Over a nice cabernet, you've mused about someday buying a vineyard and winery. But are 12-hour workdays your style?
Business for Sale
The business: Perhaps you're outdoorsy and love the idea of a bucolic agrarian business. Perhaps you want to get out of the city. Or maybe you think you're the next Robert Mondavi. For whatever reason, owning a vineyard and a winery is a dream for many an oenophile. This 40-acre property, adjacent to a national forest in rural southern Illinois, could be your own private Sonoma.
The married couple who own the business started planting vines in 1991. The 6.25-acre vineyard is now entering peak production mode as most of the 2,400 vines under cultivation have borne fruit for several years. While waiting for the vines to mature, the owners built a 4,000-square-foot winery featuring top-notch steel tanks and fermentation vats from Italy. Several of the 10 wines they have produced have won silver and bronze medals at the state fair.
Southern Illinois is actually home to several wineries that have worked together to promote themselves as a "wine trail," a mini version of Napa's famous Route 29. Visitors to the winery account for the overwhelming majority of the company's sales; to attract them, the owners have set up a tasting room and an art gallery, and they host dances and picnics every month. The state tourist board has supported them and their peers through print advertising and Web-site development, which encourages Chicagoans to visit.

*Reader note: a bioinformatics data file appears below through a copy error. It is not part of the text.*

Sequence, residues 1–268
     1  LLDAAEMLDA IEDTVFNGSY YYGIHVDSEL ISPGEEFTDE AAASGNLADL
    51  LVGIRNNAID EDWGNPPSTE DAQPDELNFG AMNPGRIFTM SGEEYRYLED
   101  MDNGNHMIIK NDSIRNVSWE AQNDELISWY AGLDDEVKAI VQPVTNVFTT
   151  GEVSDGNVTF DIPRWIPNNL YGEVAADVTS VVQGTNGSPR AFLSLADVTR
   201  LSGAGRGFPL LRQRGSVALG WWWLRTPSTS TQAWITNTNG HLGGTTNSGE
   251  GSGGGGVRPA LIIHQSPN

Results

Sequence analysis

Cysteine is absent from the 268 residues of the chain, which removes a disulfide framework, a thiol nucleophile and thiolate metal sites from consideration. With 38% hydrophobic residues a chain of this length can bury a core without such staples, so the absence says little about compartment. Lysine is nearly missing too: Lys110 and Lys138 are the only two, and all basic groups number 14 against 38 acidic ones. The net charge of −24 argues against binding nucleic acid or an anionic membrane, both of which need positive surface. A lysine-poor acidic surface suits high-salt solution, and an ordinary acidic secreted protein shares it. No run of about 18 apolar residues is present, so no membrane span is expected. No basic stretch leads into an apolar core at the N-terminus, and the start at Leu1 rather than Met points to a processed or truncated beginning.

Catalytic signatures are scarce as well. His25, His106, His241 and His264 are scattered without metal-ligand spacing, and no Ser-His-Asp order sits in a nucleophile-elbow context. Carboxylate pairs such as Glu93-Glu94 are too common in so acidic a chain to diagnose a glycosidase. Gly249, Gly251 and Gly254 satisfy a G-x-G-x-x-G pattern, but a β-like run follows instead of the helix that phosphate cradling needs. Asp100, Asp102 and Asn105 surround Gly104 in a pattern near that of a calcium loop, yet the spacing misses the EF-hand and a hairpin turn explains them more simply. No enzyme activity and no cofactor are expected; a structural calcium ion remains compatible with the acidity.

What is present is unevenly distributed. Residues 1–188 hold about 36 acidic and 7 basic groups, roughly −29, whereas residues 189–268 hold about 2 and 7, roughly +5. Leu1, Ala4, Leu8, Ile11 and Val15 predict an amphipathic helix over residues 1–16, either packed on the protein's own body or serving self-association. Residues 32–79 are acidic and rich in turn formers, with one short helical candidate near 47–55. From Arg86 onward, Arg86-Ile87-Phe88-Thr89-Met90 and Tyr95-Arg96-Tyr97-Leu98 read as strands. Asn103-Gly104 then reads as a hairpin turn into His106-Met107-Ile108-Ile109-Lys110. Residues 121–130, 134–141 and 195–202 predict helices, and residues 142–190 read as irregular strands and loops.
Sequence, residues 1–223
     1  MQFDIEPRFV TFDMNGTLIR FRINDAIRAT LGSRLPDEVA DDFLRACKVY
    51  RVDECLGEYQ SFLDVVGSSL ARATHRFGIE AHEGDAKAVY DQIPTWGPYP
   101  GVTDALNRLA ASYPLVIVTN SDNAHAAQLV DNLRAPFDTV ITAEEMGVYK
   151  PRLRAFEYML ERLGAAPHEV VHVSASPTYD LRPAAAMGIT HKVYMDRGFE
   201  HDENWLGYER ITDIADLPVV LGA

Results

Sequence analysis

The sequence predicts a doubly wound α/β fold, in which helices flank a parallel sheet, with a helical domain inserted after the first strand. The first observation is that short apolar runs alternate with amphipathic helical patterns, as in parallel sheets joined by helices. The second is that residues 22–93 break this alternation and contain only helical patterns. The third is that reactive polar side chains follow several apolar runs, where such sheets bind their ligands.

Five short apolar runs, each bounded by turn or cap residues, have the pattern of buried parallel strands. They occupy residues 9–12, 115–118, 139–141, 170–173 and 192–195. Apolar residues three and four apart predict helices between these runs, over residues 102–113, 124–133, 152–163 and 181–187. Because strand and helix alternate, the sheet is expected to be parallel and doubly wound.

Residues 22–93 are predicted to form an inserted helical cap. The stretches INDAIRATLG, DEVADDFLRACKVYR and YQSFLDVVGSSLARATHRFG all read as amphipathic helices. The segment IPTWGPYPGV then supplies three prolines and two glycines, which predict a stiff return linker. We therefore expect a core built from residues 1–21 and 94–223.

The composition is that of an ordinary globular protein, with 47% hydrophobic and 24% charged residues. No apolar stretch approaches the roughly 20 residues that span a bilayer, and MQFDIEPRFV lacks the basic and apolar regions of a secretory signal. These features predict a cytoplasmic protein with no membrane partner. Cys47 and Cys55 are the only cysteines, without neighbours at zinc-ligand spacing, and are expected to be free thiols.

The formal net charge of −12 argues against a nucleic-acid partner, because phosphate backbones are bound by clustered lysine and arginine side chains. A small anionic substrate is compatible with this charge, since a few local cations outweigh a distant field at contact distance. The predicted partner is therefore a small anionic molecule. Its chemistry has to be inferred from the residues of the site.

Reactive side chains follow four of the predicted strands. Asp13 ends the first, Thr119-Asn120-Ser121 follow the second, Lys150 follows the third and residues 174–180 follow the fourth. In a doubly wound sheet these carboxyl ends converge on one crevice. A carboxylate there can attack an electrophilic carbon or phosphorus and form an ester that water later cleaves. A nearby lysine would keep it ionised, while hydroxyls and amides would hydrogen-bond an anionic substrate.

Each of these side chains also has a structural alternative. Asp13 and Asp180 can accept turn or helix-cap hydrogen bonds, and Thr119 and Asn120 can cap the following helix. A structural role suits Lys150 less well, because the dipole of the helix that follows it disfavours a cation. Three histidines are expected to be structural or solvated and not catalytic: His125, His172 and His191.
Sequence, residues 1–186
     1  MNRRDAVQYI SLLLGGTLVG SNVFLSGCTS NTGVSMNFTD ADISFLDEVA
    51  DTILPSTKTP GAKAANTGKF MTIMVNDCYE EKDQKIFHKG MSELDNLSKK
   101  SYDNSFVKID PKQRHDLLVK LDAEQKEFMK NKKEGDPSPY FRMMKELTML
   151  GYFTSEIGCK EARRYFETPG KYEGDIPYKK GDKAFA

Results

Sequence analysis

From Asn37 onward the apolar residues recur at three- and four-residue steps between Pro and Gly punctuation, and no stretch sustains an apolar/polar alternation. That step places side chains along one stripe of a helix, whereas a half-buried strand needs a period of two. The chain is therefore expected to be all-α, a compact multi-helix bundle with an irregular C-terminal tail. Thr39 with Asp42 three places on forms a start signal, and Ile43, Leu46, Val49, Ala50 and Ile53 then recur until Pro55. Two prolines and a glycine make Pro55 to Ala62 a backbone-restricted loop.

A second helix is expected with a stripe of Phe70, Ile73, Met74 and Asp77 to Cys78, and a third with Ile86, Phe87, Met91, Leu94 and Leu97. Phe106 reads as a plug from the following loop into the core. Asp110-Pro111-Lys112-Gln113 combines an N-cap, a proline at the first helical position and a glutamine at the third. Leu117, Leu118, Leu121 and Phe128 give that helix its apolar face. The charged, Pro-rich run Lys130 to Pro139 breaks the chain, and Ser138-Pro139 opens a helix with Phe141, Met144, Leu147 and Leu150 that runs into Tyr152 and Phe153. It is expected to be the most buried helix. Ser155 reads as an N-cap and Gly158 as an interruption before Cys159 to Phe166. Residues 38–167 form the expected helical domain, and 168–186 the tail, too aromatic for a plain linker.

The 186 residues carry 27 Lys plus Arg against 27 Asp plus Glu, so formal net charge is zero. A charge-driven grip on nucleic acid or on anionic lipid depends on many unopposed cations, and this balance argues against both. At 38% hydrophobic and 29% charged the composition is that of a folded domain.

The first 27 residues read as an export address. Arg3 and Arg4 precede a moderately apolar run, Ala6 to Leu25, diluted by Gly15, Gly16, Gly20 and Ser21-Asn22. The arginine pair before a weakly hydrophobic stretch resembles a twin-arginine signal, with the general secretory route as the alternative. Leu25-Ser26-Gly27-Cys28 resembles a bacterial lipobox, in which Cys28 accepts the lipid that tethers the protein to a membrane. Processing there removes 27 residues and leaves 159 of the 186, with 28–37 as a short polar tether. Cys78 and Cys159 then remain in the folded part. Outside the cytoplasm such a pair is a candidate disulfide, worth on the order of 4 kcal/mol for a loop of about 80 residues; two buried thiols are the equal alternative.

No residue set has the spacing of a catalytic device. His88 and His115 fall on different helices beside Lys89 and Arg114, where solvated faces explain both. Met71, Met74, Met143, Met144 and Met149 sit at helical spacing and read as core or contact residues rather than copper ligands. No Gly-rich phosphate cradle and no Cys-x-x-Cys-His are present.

Though the business is certainly complex from an operations perspective, neophytes can take heart: the sellers planted the vineyards and started the winery without any experience in either discipline, learning the craft by taking classes and conferring with vintners at nearby wineries. They're selling the business because they'd like to retire.
Price: $1 million
Outlook: Prospects for the company's financial success are only fair. The region is not well known for its wine. And since grape growing is an agricultural endeavor, one must consider the sobering risks of weather, pests, and disease. On the plus side, the current owners have done a lot of the difficult and expensive work of planting the vineyard and nurturing the vines to fruition. A new owner should be able to extend regional distribution by adding more liquor stores and restaurants to the list of customers. And with 20 acres of undeveloped land, a buyer could build a bed-and-breakfast or sell off individual lots.
Price rationale: The sale price includes equipment, fixtures, furnishings, vehicles, and $100,000 in wine inventory, but this deal is mostly about the real estate: 40 acres of land, the business facilities, two ponds, and a 2,400-square-foot renovated 1920s-style farmhouse.
Pros: All the wine you can drink and a pastoral backdrop against which to drink it.
Cons: Underneath the heady bouquet is a lot of manual labor. One of the current owners works more than 60 hours a week -- and the business has yet to make a substantial profit.
Comparison shopping: A 15-acre Napa Valley property sold for $3.5 million in July 2002; a 74-acre Italian property sold for $1.5 million in September 2002; and a 79-acre New Zealand property sold for $5.5 million in June 2002.
Southern Illinois Vineyard
*Earnings before interest, taxes, depreciation, and amortization. **Projected.
Inc has no stake in the sale of the business featured. The magazine cannot confirm the accuracy of financial or other information offered by the seller. Inquiries should be directed to Bill Bremer at Affiliated Business Consultants Inc., at 719-540-2200 or email@example.com.